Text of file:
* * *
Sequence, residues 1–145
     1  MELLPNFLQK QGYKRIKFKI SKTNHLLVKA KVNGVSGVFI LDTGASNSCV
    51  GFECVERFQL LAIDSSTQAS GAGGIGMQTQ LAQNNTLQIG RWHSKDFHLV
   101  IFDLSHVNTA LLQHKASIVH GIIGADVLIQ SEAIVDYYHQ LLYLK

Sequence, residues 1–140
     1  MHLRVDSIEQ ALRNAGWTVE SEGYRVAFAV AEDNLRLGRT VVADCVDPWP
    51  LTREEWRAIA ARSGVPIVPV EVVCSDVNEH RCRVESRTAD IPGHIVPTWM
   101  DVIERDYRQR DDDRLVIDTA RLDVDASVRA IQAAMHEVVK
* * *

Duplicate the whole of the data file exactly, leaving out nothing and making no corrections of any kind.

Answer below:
Sequence, residues 1–145
     1  MELLPNFLQK QGYKRIKFKI SKTNHLLVKA KVNGVSGVFI LDTGASNSCV
    51  GFECVERFQL LAIDSSTQAS GAGGIGMQTQ LAQNNTLQIG RWHSKDFHLV
   101  IFDLSHVNTA LLQHKASIVH GIIGADVLIQ SEAIVDYYHQ LLYLK

Sequence, residues 1–140
     1  MHLRVDSIEQ ALRNAGWTVE SEGYRVAFAV AEDNLRLGRT VVADCVDPWP
    51  LTREEWRAIA ARSGVPIVPV EVVCSDVNEH RCRVESRTAD IPGHIVPTWM
   101  DVIERDYRQR DDDRLVIDTA RLDVDASVRA IQAAMHEVVK